Medical centers claim stem cell therapy “behind Health Ministry’s back”
Ampoules containing a medium for stem cell storage are seen in a file photo. REUTERS/PETER MACDIARMID

CAIRO: At least four medical centers in Egypt promote stem cell therapy despite Minister of Health Adel Adawy’s ban on the approach because it is under research and study.

The approach is not approved as an official cure in Egypt, but only as a field of research. Some researchers, however, do not conform to the Ministry of Health’s conditions, such as the voluntarism of patients at no price. Further, research is only allowed in certain accredited centers, such as the National Liver Institute.

Some Egyptian doctors perform as mediators between patients and medical centers in China and Germany, although the International Society for Stem Cell Research says the treatment is still being studied, rather than applied. Some doctors also facilitate the dispatch of stem cells from Egypt to be reserved in foreign stem cell banks, according to Youm7’s investigation and interviews with stakeholders.

Nasser Mohamed and his son Ahmed, 8, and daughter Mariam, 5, were advised by Dr. Aboul Kheir, a well-known doctor among patients who seek stem cell therapy, to go through the “operation.” Mohamed promoted his children’s case on Facebook and a Saudi businessman donated 45,000 EGP ($5,900.)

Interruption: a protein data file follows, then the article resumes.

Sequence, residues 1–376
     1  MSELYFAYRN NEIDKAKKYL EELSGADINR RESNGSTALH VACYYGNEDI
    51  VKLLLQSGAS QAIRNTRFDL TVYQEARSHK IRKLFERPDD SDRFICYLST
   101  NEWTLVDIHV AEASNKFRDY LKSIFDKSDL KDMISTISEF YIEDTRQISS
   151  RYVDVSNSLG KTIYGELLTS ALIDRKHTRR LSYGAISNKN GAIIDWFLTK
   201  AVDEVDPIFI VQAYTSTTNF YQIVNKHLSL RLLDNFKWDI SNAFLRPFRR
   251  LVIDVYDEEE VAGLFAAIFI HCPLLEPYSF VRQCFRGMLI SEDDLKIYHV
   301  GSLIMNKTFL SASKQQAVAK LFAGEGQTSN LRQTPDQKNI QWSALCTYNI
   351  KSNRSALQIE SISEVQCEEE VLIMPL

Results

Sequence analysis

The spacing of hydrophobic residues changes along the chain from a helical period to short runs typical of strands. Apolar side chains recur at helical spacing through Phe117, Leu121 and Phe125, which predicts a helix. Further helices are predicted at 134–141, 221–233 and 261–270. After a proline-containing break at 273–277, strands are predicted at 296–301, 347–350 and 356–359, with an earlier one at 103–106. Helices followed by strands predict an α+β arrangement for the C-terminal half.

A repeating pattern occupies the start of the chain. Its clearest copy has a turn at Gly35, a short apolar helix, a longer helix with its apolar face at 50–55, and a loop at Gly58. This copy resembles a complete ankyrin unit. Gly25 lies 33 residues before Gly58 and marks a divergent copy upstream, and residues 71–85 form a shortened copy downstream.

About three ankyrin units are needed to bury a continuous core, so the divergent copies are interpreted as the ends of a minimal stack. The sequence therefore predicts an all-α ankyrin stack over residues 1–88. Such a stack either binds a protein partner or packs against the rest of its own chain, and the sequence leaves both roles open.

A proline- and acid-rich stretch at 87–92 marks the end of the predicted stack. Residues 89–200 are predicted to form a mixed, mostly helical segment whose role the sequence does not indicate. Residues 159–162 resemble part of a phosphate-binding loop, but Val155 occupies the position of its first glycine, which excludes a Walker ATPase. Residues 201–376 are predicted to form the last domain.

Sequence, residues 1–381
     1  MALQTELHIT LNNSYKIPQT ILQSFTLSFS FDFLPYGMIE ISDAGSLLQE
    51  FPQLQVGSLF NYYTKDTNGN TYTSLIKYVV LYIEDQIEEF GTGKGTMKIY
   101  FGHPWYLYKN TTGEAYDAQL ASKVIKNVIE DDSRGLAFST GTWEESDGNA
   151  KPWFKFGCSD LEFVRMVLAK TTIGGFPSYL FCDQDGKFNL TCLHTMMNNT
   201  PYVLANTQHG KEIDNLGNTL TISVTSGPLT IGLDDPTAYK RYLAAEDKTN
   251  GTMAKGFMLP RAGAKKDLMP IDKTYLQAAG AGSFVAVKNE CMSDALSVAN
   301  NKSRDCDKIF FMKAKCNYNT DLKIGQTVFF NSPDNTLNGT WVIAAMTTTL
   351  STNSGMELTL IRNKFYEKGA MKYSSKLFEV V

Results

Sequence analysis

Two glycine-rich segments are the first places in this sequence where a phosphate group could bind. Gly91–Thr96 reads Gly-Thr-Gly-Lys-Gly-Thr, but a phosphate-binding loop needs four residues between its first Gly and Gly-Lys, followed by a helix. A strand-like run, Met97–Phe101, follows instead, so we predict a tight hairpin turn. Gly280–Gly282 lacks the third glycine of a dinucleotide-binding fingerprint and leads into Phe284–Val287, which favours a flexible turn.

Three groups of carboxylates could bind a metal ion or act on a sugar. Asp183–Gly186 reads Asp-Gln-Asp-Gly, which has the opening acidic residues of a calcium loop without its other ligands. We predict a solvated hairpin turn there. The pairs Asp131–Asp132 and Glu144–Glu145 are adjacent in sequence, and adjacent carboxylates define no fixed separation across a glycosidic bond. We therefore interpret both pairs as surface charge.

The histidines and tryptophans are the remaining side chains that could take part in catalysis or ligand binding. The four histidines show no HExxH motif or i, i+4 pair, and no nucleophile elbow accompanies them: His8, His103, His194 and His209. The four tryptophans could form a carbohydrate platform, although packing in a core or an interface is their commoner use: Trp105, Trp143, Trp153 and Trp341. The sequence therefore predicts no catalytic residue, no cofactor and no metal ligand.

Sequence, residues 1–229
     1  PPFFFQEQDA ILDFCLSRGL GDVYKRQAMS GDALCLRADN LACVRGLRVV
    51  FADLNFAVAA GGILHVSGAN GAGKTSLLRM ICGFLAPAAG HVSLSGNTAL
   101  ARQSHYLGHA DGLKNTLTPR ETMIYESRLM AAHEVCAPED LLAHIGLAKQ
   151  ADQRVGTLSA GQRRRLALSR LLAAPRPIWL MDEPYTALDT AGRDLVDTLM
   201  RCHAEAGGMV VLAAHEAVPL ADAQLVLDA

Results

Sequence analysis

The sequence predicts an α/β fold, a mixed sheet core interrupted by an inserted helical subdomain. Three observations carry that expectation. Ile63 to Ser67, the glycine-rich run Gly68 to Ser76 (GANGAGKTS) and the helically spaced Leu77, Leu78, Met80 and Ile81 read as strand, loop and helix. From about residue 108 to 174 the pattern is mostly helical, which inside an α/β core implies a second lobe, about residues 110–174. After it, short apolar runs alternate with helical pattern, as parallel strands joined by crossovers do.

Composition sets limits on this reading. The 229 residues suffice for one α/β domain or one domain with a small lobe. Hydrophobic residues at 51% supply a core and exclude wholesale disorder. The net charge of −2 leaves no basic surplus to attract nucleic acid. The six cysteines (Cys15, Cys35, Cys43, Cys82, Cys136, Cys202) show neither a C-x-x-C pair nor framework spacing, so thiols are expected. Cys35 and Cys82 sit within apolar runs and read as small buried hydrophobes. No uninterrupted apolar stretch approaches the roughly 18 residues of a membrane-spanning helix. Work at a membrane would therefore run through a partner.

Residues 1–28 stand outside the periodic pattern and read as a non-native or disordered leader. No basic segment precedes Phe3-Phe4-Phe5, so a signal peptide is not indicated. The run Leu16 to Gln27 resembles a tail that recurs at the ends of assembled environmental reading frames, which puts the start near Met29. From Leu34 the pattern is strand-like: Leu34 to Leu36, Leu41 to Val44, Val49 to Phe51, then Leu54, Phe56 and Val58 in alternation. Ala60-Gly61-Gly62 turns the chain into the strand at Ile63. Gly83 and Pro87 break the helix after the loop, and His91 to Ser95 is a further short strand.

At the time, Aboul Kheir supervised the stem cell research unit at government-owned Sheikh Zayed Specialized Hospital, which only collected the data of patients interested in pursuing this therapy. His work in the field, however, did not stop after the unit was shut down due to irregularities.

The violations include doctors referring patients to their clinics for stem cell therapy, Ministry of Health spokesperson Hossam Abdel Ghaffar told Youm7.

Aboul Kheir said Ahmed would be able to sit on his own and Mariam would be able to walk, according to Mohamed. The medical tests requested cost thousands of pounds, Mohamed said, and his cousin agreed to donate stem cells.

A year after the operation, Ahmed’s case had not improved. He died two weeks ago, and Mariam is still unable to walk.

Ibrahim Nassr, whose niece suffers a motor neuron disease, went to the so-called Egyptian Association for Stem Cell Therapy, where Aboul Kheir works, to find a cure for the child. Nassr was told one injection costs 6,000 EGP, but the family backed out for doubts over the feasibility and the cost.

Youm7 went to the Rawda Center, where Aboul Kheir also works, to inquire about an invented case, and were told the therapy would begin with three injections over three months for 6,000 EGP per injection. Aboul Kheir added that the possibility of healing does not exceed 40 percent, and that the process must be applied at the Rawda Center.

Youm7 contacted the Ministry of Health, which said it does not recognize either Rawda Center or the Egyptian Association for Stem Cell Therapy, and does not have information about them. The centers and their doctors are supposed to be investigated, according to the ministry’s code.

Aboul Kheir told Youm7 he never carried out experiments in private centers, and that he tells patients beforehand that the success rate is 40 percent. He said the injections cost only 500 EGP and only stimulate marrow cells, denying they contain stem cells.

He also he stem cell research unit at Sheikh Zayed Specialized Hospital was closed for financial reasons, rather than irregularities.

Further, other medical centers claim they cure diabetes with stem cells, as well as centers that allege they use stem cells in cosmetic surgeries.


Reporting by Hoda Zakaria and Mohamed al-Mandarawy

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